Here it is.

Near the bottom of the article. Never heard of the Moms Demand Action for Gun Sense in America. Funded out of bankster central, NYC, no doubt.

The website blames Columbine and Newtown for the world's problems. DNC and MSM?  Your corporate overlords in NYC.

And, look at this!: Watts = Troughton

Boycott Target!

She worked for Susan G. Komen, too.

And there's this. 

She's a PR employee with everyone, with the typical NYC face.

Boycott Target, as well as, Facebook;

SethDealer's picture

this bitch is pumped up on helium

Dr. Engali's picture

Once again this is not a market, it is a policy tool. See you at Dow 18,000.

Jayda1850's picture

Which will probably be tuesday.

joego1's picture

Homey don't play with sharks.

pragmatic hobo's picture

wtf ... iwm and twm are both down ...

LawsofPhysics's picture

Again, "valuations" depend on price discovery.

Stop trying to predict or understand this "market" and simply recognize the truth, that there is no market for true price discovery.

Pareto's picture

+100 This cannot be overemphasized - there is no price discovery.  Any prices reported are based on a false sense of unfettered market participation and exchanges.  True price distortions are arriving from POMO, ZIRP, and QE.  There is no way true price discovery can occur under these circumstances.  Watch, however, when the market does in fact crash - they will blame it on - wait for it - true price discovery.  And then its rinse and repeat.  And we get to do the whole thing over again.  And we will be sitting here 6 or so years from now - saying exactly the same thing we are saying now.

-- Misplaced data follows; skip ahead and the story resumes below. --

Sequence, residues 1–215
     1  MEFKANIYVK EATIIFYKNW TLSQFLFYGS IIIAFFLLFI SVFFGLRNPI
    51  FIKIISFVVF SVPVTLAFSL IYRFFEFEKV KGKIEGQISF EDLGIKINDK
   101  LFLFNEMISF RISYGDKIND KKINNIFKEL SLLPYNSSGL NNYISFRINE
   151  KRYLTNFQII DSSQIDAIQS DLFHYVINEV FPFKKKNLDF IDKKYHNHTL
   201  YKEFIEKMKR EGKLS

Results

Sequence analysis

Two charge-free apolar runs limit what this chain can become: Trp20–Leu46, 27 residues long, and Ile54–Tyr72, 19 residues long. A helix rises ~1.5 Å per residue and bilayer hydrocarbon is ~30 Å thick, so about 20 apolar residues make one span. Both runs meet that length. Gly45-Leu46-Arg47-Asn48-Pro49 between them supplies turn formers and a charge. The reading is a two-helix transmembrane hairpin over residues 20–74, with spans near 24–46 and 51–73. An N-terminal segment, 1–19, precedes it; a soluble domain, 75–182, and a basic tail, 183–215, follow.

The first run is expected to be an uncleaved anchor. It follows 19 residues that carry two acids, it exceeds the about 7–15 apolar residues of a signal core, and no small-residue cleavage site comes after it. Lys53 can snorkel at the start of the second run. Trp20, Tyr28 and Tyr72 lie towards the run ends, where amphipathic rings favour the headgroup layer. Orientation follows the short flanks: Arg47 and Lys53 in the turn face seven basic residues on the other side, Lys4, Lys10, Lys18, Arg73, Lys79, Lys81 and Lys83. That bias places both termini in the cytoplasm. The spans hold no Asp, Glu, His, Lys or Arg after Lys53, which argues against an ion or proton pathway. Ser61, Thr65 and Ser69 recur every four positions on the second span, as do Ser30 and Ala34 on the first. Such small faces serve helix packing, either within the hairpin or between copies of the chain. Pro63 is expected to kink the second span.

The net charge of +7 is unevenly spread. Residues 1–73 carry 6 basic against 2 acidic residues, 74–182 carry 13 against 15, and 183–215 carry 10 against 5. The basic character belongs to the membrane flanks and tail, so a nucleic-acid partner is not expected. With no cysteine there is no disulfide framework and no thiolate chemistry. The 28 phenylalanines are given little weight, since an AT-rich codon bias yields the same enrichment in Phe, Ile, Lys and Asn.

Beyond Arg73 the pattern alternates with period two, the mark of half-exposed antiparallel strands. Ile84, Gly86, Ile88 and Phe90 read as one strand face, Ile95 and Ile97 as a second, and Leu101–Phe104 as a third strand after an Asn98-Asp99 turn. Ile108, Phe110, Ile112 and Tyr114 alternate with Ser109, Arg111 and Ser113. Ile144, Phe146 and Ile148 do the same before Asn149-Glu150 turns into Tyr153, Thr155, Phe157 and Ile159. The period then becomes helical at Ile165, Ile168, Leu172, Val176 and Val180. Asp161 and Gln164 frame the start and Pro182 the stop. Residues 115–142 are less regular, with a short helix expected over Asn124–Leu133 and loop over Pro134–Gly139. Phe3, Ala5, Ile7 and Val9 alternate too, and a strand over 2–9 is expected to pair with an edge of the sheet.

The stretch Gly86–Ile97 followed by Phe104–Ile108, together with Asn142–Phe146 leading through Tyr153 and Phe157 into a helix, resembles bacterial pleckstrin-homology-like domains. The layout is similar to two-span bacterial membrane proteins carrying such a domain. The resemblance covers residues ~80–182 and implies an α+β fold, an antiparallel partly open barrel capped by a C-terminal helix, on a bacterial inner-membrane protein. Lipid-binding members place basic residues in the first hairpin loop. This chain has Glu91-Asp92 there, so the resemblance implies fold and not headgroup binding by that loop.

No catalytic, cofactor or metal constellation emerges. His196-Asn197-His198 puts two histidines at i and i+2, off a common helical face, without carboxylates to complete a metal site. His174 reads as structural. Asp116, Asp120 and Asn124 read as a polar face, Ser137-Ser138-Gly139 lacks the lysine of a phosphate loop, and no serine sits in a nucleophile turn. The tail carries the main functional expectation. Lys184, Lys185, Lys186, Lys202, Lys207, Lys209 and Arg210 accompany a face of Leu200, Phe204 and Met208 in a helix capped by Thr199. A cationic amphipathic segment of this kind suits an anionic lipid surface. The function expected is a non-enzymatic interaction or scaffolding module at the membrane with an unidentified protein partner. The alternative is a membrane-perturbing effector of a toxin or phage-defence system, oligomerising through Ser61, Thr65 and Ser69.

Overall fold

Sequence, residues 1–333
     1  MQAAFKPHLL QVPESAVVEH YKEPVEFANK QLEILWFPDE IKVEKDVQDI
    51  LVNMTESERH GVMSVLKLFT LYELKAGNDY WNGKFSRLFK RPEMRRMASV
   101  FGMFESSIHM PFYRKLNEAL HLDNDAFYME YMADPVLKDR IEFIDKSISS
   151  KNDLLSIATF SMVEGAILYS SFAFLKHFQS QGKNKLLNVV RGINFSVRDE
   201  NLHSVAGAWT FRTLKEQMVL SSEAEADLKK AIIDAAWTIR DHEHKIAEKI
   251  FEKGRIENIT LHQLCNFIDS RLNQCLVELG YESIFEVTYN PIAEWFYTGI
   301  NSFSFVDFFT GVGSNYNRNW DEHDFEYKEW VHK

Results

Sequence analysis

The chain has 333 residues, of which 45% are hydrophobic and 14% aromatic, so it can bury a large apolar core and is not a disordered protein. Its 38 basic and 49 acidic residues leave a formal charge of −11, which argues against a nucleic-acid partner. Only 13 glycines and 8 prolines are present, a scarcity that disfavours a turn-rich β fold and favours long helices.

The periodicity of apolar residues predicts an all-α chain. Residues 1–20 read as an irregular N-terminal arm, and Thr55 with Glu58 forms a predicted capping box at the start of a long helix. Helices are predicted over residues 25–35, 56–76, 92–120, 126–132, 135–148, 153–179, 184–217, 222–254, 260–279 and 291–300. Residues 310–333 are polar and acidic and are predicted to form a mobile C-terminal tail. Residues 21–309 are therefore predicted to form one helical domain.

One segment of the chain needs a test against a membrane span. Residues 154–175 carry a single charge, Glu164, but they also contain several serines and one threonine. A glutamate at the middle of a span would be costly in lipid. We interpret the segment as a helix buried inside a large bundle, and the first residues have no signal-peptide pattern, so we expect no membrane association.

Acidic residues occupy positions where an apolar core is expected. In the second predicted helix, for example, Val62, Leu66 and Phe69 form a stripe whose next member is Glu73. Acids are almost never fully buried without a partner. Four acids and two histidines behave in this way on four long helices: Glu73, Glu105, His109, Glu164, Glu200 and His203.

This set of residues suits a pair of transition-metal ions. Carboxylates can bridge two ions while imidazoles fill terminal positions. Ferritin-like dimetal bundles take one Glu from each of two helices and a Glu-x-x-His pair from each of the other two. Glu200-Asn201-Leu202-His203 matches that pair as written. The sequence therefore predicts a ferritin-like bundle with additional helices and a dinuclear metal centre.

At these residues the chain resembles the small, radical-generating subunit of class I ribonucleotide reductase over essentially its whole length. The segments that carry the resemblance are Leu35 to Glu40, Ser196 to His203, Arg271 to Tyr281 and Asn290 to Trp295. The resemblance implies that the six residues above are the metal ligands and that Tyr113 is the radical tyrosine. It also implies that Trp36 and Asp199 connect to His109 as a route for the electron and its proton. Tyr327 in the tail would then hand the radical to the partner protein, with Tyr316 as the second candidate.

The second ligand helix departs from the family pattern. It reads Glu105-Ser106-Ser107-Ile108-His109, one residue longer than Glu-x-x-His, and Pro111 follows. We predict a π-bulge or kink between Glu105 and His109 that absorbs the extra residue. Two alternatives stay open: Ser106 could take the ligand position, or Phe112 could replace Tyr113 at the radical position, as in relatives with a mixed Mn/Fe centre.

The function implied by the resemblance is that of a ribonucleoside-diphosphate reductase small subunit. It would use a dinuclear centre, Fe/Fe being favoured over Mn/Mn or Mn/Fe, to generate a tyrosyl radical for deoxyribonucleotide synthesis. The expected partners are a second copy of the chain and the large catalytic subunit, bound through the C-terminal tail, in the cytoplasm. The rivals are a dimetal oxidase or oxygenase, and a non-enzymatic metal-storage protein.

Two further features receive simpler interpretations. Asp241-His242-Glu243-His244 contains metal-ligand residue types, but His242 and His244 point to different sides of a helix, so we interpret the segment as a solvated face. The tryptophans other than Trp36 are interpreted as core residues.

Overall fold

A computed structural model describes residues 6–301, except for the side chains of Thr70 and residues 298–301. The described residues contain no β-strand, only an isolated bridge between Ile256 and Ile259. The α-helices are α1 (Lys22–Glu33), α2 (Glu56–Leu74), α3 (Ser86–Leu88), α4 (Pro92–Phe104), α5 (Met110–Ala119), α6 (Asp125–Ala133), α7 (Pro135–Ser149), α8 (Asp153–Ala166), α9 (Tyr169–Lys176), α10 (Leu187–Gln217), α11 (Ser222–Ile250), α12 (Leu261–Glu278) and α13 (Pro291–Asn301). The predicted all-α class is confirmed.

daveO's picture

Buybacks until Warren Buffet owns the remaining single share. 

Son of Captain Nemo's picture

Looks like we have a date for Armageddon courtesy of the IMF chair Satan Christine Lagarde!...

Mark your calendar for 7/20/2014

Armed Resistance's picture

Despite the horrific future the collapse will inevitably bring, I count down the days like a kid waiting for Christmas. We have to live in a world where truth wins, where honesty reigns and where REAL interests and relationships in the market are born through the common thread of supply and demand.

I am sick of stimulus, of intervention, of managed markets, of lying, of cheating, and of stealing. I view those who participate in the market today for the rigged gain akin to a group of gang rapers on a passed out chick at a frat party. You may get out before she wakes up, but you have culpability for your actions. There is a counter party in equity trading, and that little girl is somebody's retirement. I know it's easy to say "don't hate the player, hate the game" but if you participate you bear responsibility for the moral choice.

I wish I didn't have a conscious and I was a ruthless fuck but I guess I would rather be poor and mentally free than to participate by enabling a bullshit rigged casino.

rum_runner's picture

Bravo, so well put.  I feel the same.. I don't want to see suffering and I'm sure I will experience some degree of hardship from the coming reckoning.. but I am also compelled to see truth win.  Because it will, sooner or later.  A fool's paradise is just that - illusory.  I don't want to wear a veil.  

Herdee's picture